Georgia committed to Rivian’s needs and essentially removed its concerns regarding employment by securing plans for a Quick Start workforce training program facility at the future automotive plant. Quick Start is a State-sponsored program created in 1967 that provides customized workforce training for expanding industries. It runs through the Georgia Technical College System and gives workers free, hands-on, in-depth training that contributes to the state’s economy. Wilson said the program essentially lets taxpayer dollars be funded back into local communities through job training. It keeps people at work, it invests back into the citizens of the State, and most importantly, it prepares them for the job they are about to start. It is a highly successful and proven program that resulted in the first car ever built at the Kia Factory in West Point being fully operational. This is an event that does not happen often, as most vehicles that roll off of production lines as prototypes in a facility’s early days are usually a result of training and are not close to production quality.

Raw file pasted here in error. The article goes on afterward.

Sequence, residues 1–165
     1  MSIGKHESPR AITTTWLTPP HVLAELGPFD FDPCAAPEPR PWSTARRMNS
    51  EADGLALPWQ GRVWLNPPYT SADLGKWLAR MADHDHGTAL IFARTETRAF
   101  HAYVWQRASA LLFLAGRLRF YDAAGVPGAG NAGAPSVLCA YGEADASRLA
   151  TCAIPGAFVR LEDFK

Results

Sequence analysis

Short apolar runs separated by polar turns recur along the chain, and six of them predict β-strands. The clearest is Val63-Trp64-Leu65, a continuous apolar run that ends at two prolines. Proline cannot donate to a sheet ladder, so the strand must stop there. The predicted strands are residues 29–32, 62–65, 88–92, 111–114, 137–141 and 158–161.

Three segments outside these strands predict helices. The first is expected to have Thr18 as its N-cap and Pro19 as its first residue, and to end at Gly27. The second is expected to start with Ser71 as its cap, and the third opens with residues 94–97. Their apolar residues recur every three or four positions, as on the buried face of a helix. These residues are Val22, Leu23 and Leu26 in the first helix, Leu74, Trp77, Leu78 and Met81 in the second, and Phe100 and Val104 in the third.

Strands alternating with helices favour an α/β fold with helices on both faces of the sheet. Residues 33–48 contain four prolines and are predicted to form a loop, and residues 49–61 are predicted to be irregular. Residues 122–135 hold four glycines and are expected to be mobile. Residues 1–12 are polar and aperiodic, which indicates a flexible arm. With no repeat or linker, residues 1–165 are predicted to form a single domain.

Quick Start does more than give employees comprehensive, hands-on training. It also gives Georgians the opportunity to stay in their communities and develop them. Wilson was adamant that the Quick Start program has retained indescribable amounts of talent in Georgia, keeping the State’s workforce and some of its most brilliant minds local. “It gives people a chance to help their communities, but it keeps Georgia talent in Georgia. It benefits the taxpayers because we are investing back into our people,” Wilson added.
While Rivian’s project is the most recent to enter Georgia, Wilson certainly hopes it is not the last. “I hope more EV makers come to our State,” he said. “There will be more change in the automotive industry in the next ten years than there was in the last 100. These are jobs for the future, and we are looking for them because it is generational for the State. These plants will create jobs 60 years down the road.”